flaring ears, premature and deep wrinkles, small, sinister eyes sunk back in their orbits, a hollowed flat nose, and small beard—in short, he presented an extraordinary resemblance to Ravachol, as may be seen from their portraits.
The cranium was a little smaller than the normal, and the upper part of the skull was much rounded and deformed, with a cephalic index of 91—considerably more rounded than the head of Luccheni. The horizontal fold of the hand was of a type much like that of Ravachol.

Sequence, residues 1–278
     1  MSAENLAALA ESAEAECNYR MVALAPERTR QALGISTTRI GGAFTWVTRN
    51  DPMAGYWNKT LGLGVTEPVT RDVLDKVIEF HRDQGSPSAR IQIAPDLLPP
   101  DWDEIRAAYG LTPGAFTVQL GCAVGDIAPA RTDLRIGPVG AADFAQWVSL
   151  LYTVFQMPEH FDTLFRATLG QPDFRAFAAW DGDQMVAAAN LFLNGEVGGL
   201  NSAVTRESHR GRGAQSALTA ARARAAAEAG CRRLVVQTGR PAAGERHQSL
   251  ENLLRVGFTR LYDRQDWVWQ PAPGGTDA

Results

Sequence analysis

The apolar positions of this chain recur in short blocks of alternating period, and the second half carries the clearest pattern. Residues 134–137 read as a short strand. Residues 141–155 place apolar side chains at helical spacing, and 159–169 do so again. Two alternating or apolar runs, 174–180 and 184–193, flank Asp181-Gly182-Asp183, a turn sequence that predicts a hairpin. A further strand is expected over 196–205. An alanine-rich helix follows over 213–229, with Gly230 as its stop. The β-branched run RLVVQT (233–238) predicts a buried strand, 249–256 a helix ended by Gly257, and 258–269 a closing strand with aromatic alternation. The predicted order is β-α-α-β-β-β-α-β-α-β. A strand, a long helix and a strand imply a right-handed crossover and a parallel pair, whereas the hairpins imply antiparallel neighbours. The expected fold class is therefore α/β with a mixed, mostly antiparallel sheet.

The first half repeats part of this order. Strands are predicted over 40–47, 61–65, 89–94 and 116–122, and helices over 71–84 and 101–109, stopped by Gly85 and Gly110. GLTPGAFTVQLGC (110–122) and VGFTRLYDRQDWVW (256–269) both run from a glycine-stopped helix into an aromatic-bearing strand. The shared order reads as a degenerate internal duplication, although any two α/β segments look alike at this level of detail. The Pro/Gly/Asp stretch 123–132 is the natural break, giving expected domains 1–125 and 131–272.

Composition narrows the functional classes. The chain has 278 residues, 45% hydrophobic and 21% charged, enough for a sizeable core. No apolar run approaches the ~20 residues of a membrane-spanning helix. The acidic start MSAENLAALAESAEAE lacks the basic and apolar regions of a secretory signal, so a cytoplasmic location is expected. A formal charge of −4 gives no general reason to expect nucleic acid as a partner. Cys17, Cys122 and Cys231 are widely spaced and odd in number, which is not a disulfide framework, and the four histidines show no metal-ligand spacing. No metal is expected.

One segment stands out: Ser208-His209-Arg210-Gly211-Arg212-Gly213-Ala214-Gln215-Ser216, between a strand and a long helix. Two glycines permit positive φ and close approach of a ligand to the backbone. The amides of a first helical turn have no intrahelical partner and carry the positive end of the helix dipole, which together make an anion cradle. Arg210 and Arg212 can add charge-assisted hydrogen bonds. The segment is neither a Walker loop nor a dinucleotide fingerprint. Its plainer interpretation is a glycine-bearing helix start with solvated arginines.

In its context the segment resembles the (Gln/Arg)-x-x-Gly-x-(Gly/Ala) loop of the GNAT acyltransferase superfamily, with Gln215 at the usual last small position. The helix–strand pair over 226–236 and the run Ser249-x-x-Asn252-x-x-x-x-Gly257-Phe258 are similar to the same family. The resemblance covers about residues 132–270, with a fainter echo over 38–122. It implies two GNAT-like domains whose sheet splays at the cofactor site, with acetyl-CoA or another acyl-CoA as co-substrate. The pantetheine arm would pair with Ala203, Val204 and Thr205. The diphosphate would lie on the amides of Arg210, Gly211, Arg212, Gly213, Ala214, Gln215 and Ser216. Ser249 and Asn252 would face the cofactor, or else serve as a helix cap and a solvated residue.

I add that the biological study, which was made directly, and therefore more satisfactorily than was practicable with Caserio and Luccheni, revealed a series of very singular anomalies; a touch six times more obtuse than the normal—six millimetres on. the right, five on the left; a remarkably blunt sensitiveness to pain and dull perception of location; an extraordinarily reduced visual field, particularly in the left eye; a somewhat tremulous handwriting, and slight defects of articulation in speech; and thin hair. There was nothing very striking in his affective nature. He spoke kindly of his parents, whom he would be glad to see. But he had a blunt moral sense, and had committed frequent thefts, especially against his family, so that he had been put into a house of correction. And it was just while he was still in this establishment, at sixteen years of age, that he pretended to have been invited to attend a meeting of about thirty anarchists at Brescia, where he was made to swear, kissing a dagger, to kill the king. He described the room, and spoke of the individual persons present, and then said that he thought no more of the matter after he returned to the house; but a few days ago it had come into his mind to go to the post office, and there he had found a letter from the anarchists of Alexandria, urging him to arm himself to kill the king.